This made-for-television movie from NBC was based on the true story of timid housewife Francine Hughes of Danville, Michigan, who was accused of murdering her ex-husband on 9 March 1977. She was ultimately found not guilty by reason of temporary insanity, and her case created a legal precedent for the handling of domestic violence cases in the future.
Farrah Fawcett gives one of her best performances as the abused and battered Francine who has had enough of her ex-husband Mickey (Paul Le Mat) beating her up for 14 years. After he rapes her one night and falls asleep in a drunken stupor, Francine loads her children into the car, pours gasoline around the bed and lights a match, then drives to the sheriff’s office and confesses.
Her court-appointed attorney Aryon Greydanus (Richard Masur), warns her that unless she tells her side of the story, she will likely be sent to jail for life. As Francine begins, we meet Mickey in flashback at a dance in 1963.
Francine isn’t sure how she feels about Mickey and his possessiveness, but she is assured by her girlfriend that this is a sign of his love.
Mickey’s violence begins with a slap and an apology, but it escalates until Francine leaves him and returns home.
But her mother (Dixie Wade) persuades her to go back to Mickey, saying, “You make a hard bed, you lay in it. It’s your duty to stand by him”. That attitude confronts Francine throughout the story – the policemen called to stop a beating don’t actually see a beating, even though they see the cuts and bruises, they don’t arrest Mickey.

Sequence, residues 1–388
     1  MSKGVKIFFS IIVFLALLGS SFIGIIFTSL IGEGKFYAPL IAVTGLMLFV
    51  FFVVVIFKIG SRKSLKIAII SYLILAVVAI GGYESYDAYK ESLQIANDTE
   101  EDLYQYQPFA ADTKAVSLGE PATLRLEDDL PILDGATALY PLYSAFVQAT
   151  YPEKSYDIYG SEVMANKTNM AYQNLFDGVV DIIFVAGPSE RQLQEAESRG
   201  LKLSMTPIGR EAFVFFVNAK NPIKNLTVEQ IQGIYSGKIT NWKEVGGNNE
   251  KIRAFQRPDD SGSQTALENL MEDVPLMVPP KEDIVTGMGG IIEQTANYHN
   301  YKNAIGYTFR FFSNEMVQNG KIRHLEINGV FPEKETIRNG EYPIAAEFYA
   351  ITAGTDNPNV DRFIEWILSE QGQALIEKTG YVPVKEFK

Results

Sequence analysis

After their divorce, Mickey tells Francine, “A thousand divorces can’t change anything. You’re mine”.
When he refuses to leave their home and continues to terrorise her and the children, Francine turns to the welfare office for help. She points out that it’s against the law for a family to receive welfare if the father is on the premises, so why can’t the welfare office force Mickey to leave?
She learns that all welfare officials can do is prosecute her for having a man in the house when she is receiving welfare.
The Burning Bed covers the 14-year relationship between Francine and Mickey and the trial following his death.
It was Farrah Fawcett‘s idea to make the movie. All three networks originally turned her down because they felt people weren’t ready for that kind of violence on television or the reality of the situation. After her success in the off-Broadway play Extremities (a story about rape), NBC agreed to make The Burning Bed.
The broadcast of the movie on Monday 8 October 1984 marked the start of Domestic Violence Awareness Week,
Paul Le Mat
James T. Callahan
Christy age 12
Jimmy age 10
Christy age 6
Jimmy Age 4
Dixie K. Wade
Elizabeth Lyn Fraser
Fred D. Scott
Sonny Carl Davis